Also to be considered—will changing defensive habits this late in the season negatively affect Burnley’s attack? Tactically, what’s the best way to balance both? Is it a different formation? A general style of play? What situations have led to goals conceded? Set-pieces? Open-play? Counterattacks? Penalties conceded? Is there any, less obvious data we have to consider that may help here?
Additionally, is the learning curve for my squad to make these kinds of changes too steep, or are there simple, small things the team can do to vastly improve results? How would we identify these in a short period of time?
Next, I’d want to pair this general information against what we specifically know of our remaining opponents. Leicester and Hull for example are also in the bottom tier of dangerous chances conceded. Perhaps playing the counter would be the best course of action? Which players do I have at my disposal to play that kind of system? Is there a high-risk, high-payoff approach worth taking? How are either team likely to approach these fixtures?
In addition to this, I would also want to know whether in past years other clubs have performed the same feat required of Burnley, and if so how often and in what circumstances. Was there a general consensus beyond “grit and fight” as to how the team overcame the odds to stay up? Was it primarily luck? An agreeable fixture list? Or something more? A tactical shift perhaps?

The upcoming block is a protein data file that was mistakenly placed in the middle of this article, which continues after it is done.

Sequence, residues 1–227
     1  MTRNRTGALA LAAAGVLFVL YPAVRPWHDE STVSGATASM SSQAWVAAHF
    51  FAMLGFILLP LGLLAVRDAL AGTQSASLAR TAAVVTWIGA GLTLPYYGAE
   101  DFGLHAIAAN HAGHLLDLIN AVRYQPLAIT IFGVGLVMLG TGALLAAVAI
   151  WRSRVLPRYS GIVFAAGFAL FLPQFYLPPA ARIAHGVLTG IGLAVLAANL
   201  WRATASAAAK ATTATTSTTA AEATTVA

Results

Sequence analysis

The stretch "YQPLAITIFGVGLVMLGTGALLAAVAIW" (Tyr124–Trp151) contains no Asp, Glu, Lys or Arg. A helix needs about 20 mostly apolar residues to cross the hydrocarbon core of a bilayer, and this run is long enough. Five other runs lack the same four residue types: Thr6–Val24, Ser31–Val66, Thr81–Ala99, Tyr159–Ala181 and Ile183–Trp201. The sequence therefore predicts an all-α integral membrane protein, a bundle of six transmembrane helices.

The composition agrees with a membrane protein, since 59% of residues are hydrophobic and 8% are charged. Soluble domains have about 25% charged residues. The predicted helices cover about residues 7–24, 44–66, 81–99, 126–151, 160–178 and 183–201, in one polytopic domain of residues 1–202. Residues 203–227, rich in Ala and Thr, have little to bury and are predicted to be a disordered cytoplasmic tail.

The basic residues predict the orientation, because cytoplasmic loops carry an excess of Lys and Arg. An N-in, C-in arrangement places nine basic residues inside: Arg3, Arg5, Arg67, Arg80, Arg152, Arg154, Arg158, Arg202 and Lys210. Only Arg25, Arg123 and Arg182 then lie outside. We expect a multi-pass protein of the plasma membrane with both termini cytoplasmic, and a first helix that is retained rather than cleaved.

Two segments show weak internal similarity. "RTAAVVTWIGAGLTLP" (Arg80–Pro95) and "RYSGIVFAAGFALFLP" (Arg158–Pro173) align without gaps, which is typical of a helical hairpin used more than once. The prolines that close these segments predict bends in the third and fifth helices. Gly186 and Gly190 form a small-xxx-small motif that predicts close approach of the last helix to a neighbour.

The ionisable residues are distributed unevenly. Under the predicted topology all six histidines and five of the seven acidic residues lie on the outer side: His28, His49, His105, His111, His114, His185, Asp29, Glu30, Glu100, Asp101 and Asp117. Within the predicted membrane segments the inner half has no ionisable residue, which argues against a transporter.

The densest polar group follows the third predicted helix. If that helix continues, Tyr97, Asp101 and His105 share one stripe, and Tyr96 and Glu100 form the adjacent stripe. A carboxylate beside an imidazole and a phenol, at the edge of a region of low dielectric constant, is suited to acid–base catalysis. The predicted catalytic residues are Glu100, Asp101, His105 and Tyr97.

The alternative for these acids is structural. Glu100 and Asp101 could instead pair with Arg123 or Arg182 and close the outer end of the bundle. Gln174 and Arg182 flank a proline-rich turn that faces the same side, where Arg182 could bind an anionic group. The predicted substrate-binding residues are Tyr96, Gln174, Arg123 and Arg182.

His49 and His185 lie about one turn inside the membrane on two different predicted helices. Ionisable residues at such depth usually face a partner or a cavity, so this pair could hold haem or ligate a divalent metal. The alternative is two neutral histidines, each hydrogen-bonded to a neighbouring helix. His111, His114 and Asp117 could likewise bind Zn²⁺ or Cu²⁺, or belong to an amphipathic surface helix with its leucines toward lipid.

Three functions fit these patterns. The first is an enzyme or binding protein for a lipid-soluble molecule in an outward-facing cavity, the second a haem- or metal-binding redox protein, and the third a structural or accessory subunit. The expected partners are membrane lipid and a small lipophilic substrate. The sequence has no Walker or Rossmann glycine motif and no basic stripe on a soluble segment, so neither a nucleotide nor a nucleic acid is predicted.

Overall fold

Finally, I would devise a plan. Time constraints may mean coupling a general change in play with a focus on the strengths and weaknesses of individual opponents. I would re-evaluate it again and again. And I would want to keep a copy lest the board come to me after the club is relegated and tell me I didn’t do my level best to keep them up.
I’m using this as an example to illustrate several different ways to think about footballing problems. Not the abstract kind involving predictive models and all the rest, but real problems faced by clubs and managers in their daily work for which analytics per se may only provide a partial solution.
The method I outlined here is a bastardization of George Polya’s famous four step solution in his bestselling mathematics textbook How to Solve It. Whilst it’s purpose is to help students think independently in solving mathematical problems, it can also be used as a kind of DIY algorithm. The steps are:
Understand the Problem – What is the unknown? What are the data? What is the condition?
Devise a Plan – Do you know a related problem? Look at the unknown! Can you use similar problems to help find a solution?
Carry out the Plan – Check each step.
Look back – Check the result.
This column is called “Trends in Analytics,” so I will conclude by adding my own two cents in bringing up Polya’s work. The current field in football analytics is very good at many things, but not so good sometimes in identifying specific problems for which analysts may provide a partial or whole solution. Work on the latter will help further bridge the gap between analyst and club. Sometimes, it’s important for analysts to step out of R and Tableau and start to breakdown if and how clubs can actually move the needle on some of these predictive metrics. Otherwise, they are like doctors who are only able to offer a diagnosis, but not a cure.